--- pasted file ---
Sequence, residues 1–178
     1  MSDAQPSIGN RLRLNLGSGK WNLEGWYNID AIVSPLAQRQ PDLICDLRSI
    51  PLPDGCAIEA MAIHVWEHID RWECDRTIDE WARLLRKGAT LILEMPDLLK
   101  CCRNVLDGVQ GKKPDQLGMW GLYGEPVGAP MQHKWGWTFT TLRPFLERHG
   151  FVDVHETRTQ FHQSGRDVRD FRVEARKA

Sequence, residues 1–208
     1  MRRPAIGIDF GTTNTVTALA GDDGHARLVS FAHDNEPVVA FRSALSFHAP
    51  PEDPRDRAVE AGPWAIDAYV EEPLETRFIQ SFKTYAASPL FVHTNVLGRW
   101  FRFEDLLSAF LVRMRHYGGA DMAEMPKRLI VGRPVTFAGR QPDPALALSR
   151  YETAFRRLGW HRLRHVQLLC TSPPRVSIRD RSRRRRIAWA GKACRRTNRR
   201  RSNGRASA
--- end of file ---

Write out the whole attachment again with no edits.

Sequence, residues 1–178
     1  MSDAQPSIGN RLRLNLGSGK WNLEGWYNID AIVSPLAQRQ PDLICDLRSI
    51  PLPDGCAIEA MAIHVWEHID RWECDRTIDE WARLLRKGAT LILEMPDLLK
   101  CCRNVLDGVQ GKKPDQLGMW GLYGEPVGAP MQHKWGWTFT TLRPFLERHG
   151  FVDVHETRTQ FHQSGRDVRD FRVEARKA

Sequence, residues 1–208
     1  MRRPAIGIDF GTTNTVTALA GDDGHARLVS FAHDNEPVVA FRSALSFHAP
    51  PEDPRDRAVE AGPWAIDAYV EEPLETRFIQ SFKTYAASPL FVHTNVLGRW
   101  FRFEDLLSAF LVRMRHYGGA DMAEMPKRLI VGRPVTFAGR QPDPALALSR
   151  YETAFRRLGW HRLRHVQLLC TSPPRVSIRD RSRRRRIAWA GKACRRTNRR
   201  RSNGRASA